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Rise and Fall of the Roman Republic

By neilcolwell Nov 11, 2005 600 Words
In 509 B.C., Rome became a republic, a government in which power is controlled by the common people. It was under this Republic that Rome grew and expanded by conquest into the most powerful nation in the world at the time. As Roman territory increased, however, politicians and generals became more and more powerful and hungry for power. A series of events during the 1st and 2nd centuries B.C. led to the demise of the Roman Republic. Under the reigns of Julius Caesar and Augustus Caesar, the Roman Empire was formed. The Empire was ruled by an emperor, who had complete control over his people. Power was no longer in the hands of the people, but Rome continued to prosper and expand for several centuries. Under the Republic, senators were elected by the people to run the government. The vote of wealthy landowners counted for more than others and many elections were fixed by bribes. However, the common people still maintained a significant power in government affairs.

When Rome's Republic was formed, Rome was a mere small city-state, easily managed. However, as time went on, politicians found it harder to maintain the growing country. Extremely wealthy landowners, known as patricians, began to have more and more political power. After the second Punic War, marking the destruction of Rome's enemy Carthage, the Roman economy and trade grew at a fast pace. Rich landowners and merchants were able to buy up most of the country land. Under Roman law, only landowners could serve in the military, but with the rich owning the land, the number of available soldiers dwindled. This caused instability in the Roman military.

After 8 years Julius Caesar returned. The senate was afraid that he might march on Rome with his loyal army. The senate's fears proved correct. Pompey could not organize a counter offensive in time to save Rome, so he was forced to flee. Caesar marched into the city and appointed himself dictator. While the senate still existed, it was practically powerless against Caesar's commands.

Desperate politicians Brutus and Cassius plotted against Julius and eventually killed him, stabbing him in the back on March 15, 44 B.C. The conspirators believed that the senate would regain control of Rome. However, strong generals Mark Antony and Marcus Lepidus unofficially established their power by intimidation through their armies. In the ensuing years the Second Triumvirate was formed. This consisted of Mark Antony, Lepidus, and Julius Caesar's nephew Octavian, who had demanded a position in the senate after Julius' death. The three men swept the senate with terror, killing Cicero, who was the greatest supporter of the republic. Antony and Octavian received no more opposition from the senate and were supreme rulers. They were powerful enough that they didn't need Lepidus anymore, so they betrayed him by knocking him out of their alliance. Antony took control over Eastern Rome, while Octavian controlled Western Rome. After a few years, in 36 B.C. Octavian, needing an excuse to wage war on Antony, accused him of being disloyal to Rome by becoming involved with Cleopatra of Egypt. Octavian attacked Eastern Rome and defeated Antony. Octavian, who had changed his name to Augustus, was finally supreme ruler over Rome.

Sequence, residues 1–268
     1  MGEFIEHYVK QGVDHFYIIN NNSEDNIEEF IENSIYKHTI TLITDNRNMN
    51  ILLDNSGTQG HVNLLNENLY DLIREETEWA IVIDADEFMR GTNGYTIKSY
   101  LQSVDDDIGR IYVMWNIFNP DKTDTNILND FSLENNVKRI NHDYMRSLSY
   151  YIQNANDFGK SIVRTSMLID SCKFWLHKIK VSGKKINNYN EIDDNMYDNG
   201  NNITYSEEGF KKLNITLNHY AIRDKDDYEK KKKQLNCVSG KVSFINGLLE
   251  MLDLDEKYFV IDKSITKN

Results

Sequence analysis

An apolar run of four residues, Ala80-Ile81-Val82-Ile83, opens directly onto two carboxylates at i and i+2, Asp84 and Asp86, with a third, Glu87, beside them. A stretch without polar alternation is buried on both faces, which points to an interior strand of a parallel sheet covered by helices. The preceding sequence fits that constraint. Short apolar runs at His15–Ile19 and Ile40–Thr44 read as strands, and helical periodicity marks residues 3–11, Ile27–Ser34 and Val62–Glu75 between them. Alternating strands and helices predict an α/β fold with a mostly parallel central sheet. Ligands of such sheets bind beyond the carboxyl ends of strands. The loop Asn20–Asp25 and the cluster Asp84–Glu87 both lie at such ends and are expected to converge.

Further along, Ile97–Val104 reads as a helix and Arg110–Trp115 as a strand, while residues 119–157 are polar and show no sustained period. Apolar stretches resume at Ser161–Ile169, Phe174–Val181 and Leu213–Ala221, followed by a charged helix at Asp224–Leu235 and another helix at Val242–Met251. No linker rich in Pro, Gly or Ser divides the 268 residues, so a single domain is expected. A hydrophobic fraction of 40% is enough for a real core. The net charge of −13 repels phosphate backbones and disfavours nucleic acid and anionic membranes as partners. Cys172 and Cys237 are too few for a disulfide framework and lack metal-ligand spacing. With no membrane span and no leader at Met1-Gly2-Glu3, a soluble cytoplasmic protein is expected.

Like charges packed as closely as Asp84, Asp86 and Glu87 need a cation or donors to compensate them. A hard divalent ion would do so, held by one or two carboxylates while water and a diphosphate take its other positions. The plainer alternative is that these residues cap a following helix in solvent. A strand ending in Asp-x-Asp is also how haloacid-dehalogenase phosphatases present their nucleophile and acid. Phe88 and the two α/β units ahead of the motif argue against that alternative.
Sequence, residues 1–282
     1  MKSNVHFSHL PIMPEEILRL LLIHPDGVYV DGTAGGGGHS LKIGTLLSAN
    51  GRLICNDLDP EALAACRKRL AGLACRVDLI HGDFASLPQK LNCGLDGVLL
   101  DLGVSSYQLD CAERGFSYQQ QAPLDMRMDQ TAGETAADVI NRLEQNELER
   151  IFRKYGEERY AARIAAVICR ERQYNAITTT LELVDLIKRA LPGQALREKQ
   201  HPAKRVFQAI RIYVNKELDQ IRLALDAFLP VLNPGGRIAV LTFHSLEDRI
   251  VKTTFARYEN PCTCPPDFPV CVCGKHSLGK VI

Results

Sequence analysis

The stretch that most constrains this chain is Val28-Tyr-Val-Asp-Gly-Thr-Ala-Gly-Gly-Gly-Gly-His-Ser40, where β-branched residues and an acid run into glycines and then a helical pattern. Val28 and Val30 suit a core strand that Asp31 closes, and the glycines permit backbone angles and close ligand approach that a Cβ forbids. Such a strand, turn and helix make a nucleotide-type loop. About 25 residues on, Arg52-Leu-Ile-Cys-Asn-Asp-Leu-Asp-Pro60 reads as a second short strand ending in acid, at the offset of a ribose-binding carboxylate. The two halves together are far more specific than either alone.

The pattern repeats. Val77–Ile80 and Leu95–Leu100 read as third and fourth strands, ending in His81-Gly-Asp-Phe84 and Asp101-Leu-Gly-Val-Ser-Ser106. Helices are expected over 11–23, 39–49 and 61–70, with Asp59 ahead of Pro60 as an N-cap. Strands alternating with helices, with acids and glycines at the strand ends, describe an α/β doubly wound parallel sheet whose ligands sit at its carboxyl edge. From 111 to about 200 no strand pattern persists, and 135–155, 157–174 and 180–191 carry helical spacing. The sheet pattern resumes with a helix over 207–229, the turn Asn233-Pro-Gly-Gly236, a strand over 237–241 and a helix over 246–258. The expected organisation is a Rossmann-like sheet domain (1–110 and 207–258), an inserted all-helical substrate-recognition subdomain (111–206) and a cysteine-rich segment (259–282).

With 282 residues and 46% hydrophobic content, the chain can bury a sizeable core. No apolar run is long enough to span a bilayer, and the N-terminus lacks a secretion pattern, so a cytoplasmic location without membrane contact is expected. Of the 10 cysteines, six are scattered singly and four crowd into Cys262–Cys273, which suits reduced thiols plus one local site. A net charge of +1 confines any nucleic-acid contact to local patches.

The republic had died. While the senate still existed, it had little say in government matters and could certainly not challenge the word of the emperor. Ten Caesars came after Augustus to rule over Rome. Despite the crippling of the Republic, Rome continued to prosper and expand for several centuries until its eventual decline.

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